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Letter to Florence Kelley Wischnewetzky, February 22, 1888
|Written||22 February 1888|
Extract: Marx & Engels on the Irish Question, Progress Publishers, Moscow 1971, p. 350;
Published in Marx-Engels Collected Works, Volume 48
To Florence Kelly-Wischnewetzky in New York
London, 22 February 1888
122 Regent's Park Road, N. W.
Dear Mrs Wischnewetzky,
I have duly received your letters [of] 21 December and 8 January and return LovelPs letter with thanks.
I am astonished at Grönlund’s proceedings, I was rather glad he did not call on me here. From all I hear he is full of vanity and self-conceit, to a degree unattainable even to a German, to be reached only by a Scandinavian, but also so naif in it as only a Scandinavian can be—in a German it would be offensive. Es muss auch solche Käuze geben. In America not less than in England all these self-announced grands hommes will find their own level as soon as the masses begin to stir— and will then find themselves shifted to that level of their own with a velocity that will astonish them. We have had all that in Germany and France, and in the International too.
I have since heard from poor old Sorge, in a way that fully confirms all you say. I fully expected from the beginning that he would not be able to live in that solitude and wilderness. I hope his return to Hoboken may prove a success.
I sent you a No. of Bradlaugh’s National Reformer with an article No. 1 on my book. Copies were sent to: National Reformer, Weekly Dispatch, Reynold’s Newspaper, Club Journal, Our Corner (Mrs Besant), To-day (H. Bland), Christian Socialist, Pall Mall Gazette. I have requested friends to look at these papers and magazines and let me know if anything appears, when you shall have it.
Reeves has also sent for the 1,000 pamphlets, whether that is merely a ruse to keep competition out, remains to be seen. The thing seems to sell exceedingly well.
Justice had a copy of the book from you, the Commonweal did not require one as I sent one to Morris personally.
Justice brought out again the old American translation of the Communist Manifesto. This set Reeves inquiring about an authorised translation. I had one by S. Moore, and Sam happened to be here. So we revised it and sold it to Reeves; he got the proofs last week and as soon as it is out you shall have a copy. Sam Moore is the best translator I know but not in a position to do work without getting something for it.
I do not quite understand your remark about the book being sold here 1 shilling dearer. $1.25 is equal as far as I know to 5s. and that is the selling price here.
Mrs Campbell has not yet called on me so far.
Your remarks about my books being boycotted by the official German Socialists of New York are quite correct, but I am used to that sort of thing, and so the efforts of these gentry amuse me. Better so than to have to undergo their patronage. With them the movement is a business, and ‘business is business’. This kind of thing won’t last very long, their efforts to boss the American movement as they have done with the German-American one, must fail miserably. The masses will set all that right when once they move.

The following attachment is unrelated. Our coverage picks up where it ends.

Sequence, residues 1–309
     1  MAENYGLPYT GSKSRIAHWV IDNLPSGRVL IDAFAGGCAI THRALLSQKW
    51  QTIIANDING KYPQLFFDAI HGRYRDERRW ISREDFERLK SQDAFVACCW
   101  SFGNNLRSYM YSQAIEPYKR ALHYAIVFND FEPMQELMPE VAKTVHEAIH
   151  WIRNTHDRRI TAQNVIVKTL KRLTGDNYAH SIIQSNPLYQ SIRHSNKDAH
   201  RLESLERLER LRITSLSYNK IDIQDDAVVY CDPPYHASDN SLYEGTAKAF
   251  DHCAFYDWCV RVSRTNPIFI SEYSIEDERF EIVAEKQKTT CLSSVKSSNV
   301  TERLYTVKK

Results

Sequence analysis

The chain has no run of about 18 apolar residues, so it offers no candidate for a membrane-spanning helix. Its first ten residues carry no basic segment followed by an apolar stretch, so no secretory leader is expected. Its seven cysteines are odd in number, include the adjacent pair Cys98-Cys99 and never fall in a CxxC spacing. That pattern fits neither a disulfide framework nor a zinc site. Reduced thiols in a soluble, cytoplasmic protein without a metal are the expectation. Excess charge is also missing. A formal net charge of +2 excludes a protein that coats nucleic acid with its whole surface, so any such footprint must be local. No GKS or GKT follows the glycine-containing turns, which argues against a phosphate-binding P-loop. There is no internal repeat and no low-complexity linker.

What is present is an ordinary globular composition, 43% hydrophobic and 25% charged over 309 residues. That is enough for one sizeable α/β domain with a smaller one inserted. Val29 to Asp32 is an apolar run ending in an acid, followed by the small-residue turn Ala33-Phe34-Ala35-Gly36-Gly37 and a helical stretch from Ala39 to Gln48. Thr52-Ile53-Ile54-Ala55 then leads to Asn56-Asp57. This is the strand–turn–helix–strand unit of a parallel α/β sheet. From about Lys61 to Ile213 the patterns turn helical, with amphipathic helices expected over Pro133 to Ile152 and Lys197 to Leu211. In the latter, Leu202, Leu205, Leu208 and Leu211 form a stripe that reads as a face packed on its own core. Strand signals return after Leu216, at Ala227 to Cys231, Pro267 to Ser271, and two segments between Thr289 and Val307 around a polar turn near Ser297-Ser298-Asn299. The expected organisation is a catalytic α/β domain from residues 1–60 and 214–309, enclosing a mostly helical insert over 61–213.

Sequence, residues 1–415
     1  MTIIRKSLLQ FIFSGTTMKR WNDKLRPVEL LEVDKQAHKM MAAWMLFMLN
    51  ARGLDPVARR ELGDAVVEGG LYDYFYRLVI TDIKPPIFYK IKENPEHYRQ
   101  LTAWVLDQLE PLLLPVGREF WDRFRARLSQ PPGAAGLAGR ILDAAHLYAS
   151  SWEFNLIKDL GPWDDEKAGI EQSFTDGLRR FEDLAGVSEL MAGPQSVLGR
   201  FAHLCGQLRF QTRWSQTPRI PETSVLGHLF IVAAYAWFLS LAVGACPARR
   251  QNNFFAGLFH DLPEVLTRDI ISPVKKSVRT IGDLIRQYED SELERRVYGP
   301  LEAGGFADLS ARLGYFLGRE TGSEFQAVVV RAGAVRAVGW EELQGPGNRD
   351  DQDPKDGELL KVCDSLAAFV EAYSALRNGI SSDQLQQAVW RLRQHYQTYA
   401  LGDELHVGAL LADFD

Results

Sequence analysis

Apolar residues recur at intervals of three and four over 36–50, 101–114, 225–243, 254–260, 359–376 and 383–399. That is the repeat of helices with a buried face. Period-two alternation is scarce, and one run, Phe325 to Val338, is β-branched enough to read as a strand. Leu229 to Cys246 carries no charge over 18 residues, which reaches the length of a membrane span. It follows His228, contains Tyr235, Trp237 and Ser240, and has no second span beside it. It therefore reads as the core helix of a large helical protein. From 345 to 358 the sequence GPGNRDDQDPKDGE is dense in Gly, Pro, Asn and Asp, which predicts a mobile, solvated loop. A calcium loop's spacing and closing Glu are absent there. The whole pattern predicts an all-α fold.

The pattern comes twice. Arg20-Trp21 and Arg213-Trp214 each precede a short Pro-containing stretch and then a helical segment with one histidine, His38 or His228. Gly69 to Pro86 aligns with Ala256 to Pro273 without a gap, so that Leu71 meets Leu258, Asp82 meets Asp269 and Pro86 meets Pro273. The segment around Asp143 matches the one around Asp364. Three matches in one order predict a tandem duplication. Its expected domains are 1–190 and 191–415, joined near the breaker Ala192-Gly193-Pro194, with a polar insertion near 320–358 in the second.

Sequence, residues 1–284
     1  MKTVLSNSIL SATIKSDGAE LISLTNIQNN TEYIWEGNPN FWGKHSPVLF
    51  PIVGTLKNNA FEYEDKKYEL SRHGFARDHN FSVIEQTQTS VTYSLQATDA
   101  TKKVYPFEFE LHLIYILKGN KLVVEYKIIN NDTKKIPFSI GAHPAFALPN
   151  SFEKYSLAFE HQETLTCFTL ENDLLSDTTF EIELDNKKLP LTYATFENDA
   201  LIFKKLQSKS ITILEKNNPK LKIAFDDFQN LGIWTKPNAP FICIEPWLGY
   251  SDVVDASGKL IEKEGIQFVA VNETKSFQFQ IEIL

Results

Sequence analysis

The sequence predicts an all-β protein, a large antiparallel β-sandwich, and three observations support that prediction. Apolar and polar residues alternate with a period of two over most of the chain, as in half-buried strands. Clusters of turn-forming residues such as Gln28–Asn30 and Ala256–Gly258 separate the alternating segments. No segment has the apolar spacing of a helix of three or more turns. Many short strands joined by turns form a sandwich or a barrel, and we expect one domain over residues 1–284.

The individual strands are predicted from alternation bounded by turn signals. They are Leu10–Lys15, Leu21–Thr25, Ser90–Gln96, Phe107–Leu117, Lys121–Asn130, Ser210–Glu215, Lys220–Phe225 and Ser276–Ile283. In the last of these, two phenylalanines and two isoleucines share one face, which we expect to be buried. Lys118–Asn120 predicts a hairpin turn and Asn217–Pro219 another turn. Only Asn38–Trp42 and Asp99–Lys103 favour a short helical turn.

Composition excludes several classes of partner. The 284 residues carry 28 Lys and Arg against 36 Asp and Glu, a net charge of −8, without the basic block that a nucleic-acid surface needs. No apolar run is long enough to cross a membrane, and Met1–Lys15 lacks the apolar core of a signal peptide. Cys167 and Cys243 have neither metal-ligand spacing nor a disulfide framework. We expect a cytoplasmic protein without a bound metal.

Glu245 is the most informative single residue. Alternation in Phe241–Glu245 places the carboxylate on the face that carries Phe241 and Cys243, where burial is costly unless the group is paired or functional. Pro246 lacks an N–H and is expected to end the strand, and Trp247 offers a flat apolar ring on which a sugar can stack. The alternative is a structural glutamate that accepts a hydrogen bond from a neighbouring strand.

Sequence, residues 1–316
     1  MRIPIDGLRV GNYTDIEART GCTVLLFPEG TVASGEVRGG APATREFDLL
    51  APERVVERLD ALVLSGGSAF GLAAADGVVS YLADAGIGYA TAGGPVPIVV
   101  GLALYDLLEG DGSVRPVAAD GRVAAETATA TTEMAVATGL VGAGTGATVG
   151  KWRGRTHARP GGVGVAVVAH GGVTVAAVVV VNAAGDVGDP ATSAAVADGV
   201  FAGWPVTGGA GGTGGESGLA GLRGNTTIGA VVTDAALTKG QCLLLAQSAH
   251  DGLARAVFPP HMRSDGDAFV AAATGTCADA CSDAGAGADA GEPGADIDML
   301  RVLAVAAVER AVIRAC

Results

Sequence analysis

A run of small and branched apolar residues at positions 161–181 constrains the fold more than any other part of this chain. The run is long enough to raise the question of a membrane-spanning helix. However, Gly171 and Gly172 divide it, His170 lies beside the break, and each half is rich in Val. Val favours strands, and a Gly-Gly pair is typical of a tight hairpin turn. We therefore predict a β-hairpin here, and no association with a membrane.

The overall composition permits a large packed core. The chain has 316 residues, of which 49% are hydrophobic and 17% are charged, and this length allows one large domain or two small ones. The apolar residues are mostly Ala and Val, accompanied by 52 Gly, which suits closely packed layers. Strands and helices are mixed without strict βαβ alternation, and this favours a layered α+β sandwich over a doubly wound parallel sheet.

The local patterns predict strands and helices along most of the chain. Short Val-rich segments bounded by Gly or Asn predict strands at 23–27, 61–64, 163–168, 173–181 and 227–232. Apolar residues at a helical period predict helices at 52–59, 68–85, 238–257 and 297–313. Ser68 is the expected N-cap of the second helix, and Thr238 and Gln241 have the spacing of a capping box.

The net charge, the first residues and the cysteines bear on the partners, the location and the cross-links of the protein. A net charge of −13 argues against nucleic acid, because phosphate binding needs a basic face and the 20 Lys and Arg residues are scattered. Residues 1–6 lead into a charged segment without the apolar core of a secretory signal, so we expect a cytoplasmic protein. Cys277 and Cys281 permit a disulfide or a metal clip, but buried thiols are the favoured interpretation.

Here things go slowly but well. The various little organisations have found their level and are willing to co-operate without bickerings. The police brutalities in Trafalgar Square have done wonders in helping to widen the gap between the working men Radicals and the Middle Class Liberals and Radicals, the latter have behaved cowardly in and out of Parliament. The Law and Liberty League—a body gaining ground every day—is the first organisation in which Socialist delegates, as such, sit aside of Radical delegates. The stupidity of the present Tory government is appalling — if old Disraeli was alive, he would box their ears right and left. But this stupidity helps on matters wonderfully. Home Rule for Ireland and for London is now the cry here; the latter a thing which the Liberals fear even more than the Tories do. The working class element is getting more and more exasperated, through the stupid Tory provocations, is getting daily more. conscious of its strength at the ballot-box, and more penetrated by the socialist leaven. The American example has opened their eyes, and if next autumn there was to be a repetition, in any large American town, of the New York election campaign of 1886, the effect here would be instantaneous. The two great Anglo-Saxon nations are sure to set up competition in Socialism, as well as in other matters, and then it will be a race with ever accelerated velocity.
Can you get me the American Customs’ Tariff and the list of internal taxes upon American industrial and other products? And if possible some information as to how the latter are balanced by the former with regard to cost of production? That is, for instance, if the inland duty on cigars is 20%, an import duty of 20% would balance it as far as foreign competition is concerned. That is what I should like to have some information about, before I write my preface to the ‘Free Trade’.
Reciprocating your kind wishes I remain
Yours very truly,
- ↑ There must be such odd characters too
- ↑ great men
- ↑ The Condition of the Working-Class in England
- ↑ F. Engels, The Labor Movement in America
- ↑ F. Engels, 'Protection and Free Trade. Preface to the Pamphlet: Karl Marx, Speech on the Question of Free Trade'